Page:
Samantha Cook is the lead Dietitian in Critical Care at University Hospitals of North Midlands NHS Trust.
"Leaving school I had little idea of what I wanted to be “when I grow up,” so I pursued my interests and choose to study BSc Biochemistry at the University of Birmingham. Fast forward to my final year of study and I was little the wiser as to where I wanted my career to take me. During finals my father underwent a Coronary Artery Bypass Graft and as part of his rehabilitation saw a dietitian – cue light-bulb moment…
I went on to study Nutrition and Dietetics gaining a MSc from the University of Chester. Now 10 years into my NHS career and I’m working as the lead dietitian for Critical Care at the University Hospitals of North Midlands NHS Trust.
My position was created around 5 years ago following significant investment into allied health professionals to support the rehabilitation of critically ill patients. As a new role it has continually evolved since its inception, not least due to the COVID-19 pandemic and with inspiration from Critical Care Dietitians across the UK, I am excited to see what we can achieve! I say “we” because dietitians work as part of the wider multi-professional team to help provide the best outcomes for our patients. So if you don’t yet have a dietitian as part of your team, please read on…
No Two Patients Are The Same
Critically ill patients are likely to require enteral, parenteral or oral nutritional support (or a combination of these) to meet their nutritional needs and as is the case across healthcare, no two patients are the same and not all patients will receive the same benefit from nutrition support. Although enteral feeding protocols may be useful to ensure initiation of nutrition support, they are unable to account for this variability. The dietitian is uniquely positioned to complete clinical assessment of nutritional risk and provide evidence based individualised care to manage this. As part of this assessment the dietitian will consider; age, comorbidities, stage of critical illness and projected length of stay, number of organ failures, potential for increased losses, GI function, degree of inflammation and baseline nutritional status. Those identified as being at nutritional risk are more likely to suffer harm if underfed.
What Is Our Target?
Current evidence suggests that both under and overfeeding is associated with negative outcomes for the critically ill but what is our target? The gold standard for calculating energy requirements is indirect calorimetry; however, until recently the equipment has been impractical and inaccessible for use in the clinical setting. As more cost and time effective calorimeters become available dietitians are perfectly placed to introduce this technology and interpret the results. Where indirect calorimetry isn’t available the dietitian may use a variety of validated equations, most suited to the patient, to estimate nutritional requirements.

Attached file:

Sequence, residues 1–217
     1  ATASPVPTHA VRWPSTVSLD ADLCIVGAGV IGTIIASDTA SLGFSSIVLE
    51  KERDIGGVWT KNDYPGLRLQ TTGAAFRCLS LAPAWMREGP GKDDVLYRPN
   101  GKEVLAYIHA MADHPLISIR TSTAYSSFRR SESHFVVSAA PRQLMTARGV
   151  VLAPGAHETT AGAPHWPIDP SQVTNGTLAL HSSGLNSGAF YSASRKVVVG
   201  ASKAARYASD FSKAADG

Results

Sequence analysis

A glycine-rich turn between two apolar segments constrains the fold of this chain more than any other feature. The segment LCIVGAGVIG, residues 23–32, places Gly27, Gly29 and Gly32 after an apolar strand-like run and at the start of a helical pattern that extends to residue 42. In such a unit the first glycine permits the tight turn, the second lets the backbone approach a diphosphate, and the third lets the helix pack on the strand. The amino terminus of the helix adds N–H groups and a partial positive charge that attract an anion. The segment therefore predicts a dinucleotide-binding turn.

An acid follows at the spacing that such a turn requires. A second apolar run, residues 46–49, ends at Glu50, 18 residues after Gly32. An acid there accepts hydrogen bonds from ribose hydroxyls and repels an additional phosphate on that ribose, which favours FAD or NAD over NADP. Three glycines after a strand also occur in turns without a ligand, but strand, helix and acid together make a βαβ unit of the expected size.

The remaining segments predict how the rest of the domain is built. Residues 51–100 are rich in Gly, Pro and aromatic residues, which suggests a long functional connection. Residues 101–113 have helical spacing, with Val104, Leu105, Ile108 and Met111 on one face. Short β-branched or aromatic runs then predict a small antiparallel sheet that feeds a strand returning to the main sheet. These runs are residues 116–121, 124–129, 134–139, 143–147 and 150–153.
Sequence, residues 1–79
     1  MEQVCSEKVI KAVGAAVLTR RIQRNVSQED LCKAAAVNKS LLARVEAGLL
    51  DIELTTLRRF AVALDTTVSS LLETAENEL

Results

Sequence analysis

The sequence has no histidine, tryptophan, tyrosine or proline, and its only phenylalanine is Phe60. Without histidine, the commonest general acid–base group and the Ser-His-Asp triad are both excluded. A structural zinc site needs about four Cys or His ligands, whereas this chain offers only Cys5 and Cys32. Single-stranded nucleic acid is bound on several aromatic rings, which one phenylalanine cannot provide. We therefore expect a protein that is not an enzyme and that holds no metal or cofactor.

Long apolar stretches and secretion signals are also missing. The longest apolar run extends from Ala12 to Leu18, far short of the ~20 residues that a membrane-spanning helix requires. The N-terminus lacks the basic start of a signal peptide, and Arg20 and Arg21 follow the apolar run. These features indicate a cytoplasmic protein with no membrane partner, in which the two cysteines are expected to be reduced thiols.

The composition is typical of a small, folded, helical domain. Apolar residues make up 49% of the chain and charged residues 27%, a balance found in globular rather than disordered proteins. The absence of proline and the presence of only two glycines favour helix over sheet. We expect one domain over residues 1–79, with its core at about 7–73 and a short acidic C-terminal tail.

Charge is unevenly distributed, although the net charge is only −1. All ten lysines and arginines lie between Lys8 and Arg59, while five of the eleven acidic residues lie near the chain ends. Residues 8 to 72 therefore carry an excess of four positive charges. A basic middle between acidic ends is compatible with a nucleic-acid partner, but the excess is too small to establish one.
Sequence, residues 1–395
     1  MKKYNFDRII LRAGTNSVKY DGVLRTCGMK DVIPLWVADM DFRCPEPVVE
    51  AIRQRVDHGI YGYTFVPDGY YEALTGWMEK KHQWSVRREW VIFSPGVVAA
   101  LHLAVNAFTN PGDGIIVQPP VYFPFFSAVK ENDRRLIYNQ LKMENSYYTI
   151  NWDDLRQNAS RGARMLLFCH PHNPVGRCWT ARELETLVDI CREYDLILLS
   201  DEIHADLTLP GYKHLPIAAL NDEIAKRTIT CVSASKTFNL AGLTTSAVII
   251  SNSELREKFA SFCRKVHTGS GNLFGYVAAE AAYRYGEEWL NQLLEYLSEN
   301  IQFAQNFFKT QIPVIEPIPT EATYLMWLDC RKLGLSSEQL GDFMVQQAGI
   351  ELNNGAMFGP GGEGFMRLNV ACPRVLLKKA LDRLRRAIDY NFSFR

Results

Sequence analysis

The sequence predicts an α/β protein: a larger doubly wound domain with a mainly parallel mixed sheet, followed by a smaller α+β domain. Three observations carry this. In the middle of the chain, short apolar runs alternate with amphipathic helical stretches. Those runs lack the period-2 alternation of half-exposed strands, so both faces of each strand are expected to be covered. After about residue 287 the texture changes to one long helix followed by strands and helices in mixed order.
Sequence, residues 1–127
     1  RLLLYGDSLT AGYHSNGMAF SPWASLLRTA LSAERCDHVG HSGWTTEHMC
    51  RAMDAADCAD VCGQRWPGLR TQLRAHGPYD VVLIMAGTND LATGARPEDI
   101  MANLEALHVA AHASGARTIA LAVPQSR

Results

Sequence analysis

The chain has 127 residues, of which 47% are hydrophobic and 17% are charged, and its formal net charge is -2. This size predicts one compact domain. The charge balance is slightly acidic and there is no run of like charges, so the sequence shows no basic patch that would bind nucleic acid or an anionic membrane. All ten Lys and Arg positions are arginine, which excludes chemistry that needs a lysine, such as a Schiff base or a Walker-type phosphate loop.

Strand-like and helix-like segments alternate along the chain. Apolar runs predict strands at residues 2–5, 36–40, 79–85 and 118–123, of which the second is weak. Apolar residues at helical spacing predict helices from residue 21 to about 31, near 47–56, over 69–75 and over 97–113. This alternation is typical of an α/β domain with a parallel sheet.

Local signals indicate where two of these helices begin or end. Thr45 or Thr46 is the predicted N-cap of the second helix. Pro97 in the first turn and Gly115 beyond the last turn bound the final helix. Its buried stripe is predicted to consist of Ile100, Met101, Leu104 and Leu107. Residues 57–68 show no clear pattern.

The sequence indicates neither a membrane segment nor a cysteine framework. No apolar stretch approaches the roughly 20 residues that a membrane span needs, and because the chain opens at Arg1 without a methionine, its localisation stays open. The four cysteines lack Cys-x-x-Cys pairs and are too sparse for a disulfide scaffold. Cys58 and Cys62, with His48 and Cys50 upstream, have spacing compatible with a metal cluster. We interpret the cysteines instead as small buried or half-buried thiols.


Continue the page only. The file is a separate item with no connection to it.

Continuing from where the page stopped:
Once target requirements for calories and protein have been identified (either through measurement or estimation) the next challenge is to ensure that at least 80% of target energy has been provided. On average critically ill patients only receive around 60% of the prescribed energy and protein. Feed interruptions can be numerous and may include fasting for theatre, extubation, rehabilitation or high gastric residual volumes. A professional focus on nutrition provides dietitians with the incentive to audit adequacy of nutrition delivery and support strategies to achieve the 80% target. These strategies are likely to draw on their knowledge of refeeding syndrome, prokinetics, bowel management and route of delivery. There are also times when a dietitian will reduce provision of enteral or parenteral nutrition due to the risk of overfeeding in the presence of non-nutritional energy, usually in the form of propofol or dextrose.
The Importance of Dietitians
There is accumulating evidence supporting the importance of dietitians on the intensive care unit; with research demonstrating a significantly shorter length of stay when patients received enteral nutrition according to the advice of a critical care dietitian, reduced inappropriate use of parenteral nutrition and meeting the standard of 80% energy targets. The benefits of a dietitian on the intensive care unit also expand past the bedside, promoting the benefits of good nutritional care via teaching and education for clinicians, nurses and allied health professionals and the development and implementation of evidence-based guidelines and local protocols.
The future of the profession looks towards extended scope of practice including (but not limited to) supplementary prescribing, indirect calorimetry and bedside post-pyloric tube placements. Indeed, all of these are already being undertaken by dietitians in intensive care units within the UK, with supplementary prescribing allowing advanced practice dietitians to be accountable for their own parenteral nutrition prescribing.
Ask yourself, would you be confident to decide when and how much to feed a critically ill patient in order to provide the best clinical outcome? Would you be confident that appropriate nutrition goals have been set and supported post discharge to support rehabilitation after critical illness? The dietitian is the best placed member of the critical care multi-professional team to provide advice on the optimal nutritional management of all critically ill patients, working to tailor care to the individual. So if you don’t yet have a dietitian as part of your team… perhaps you should."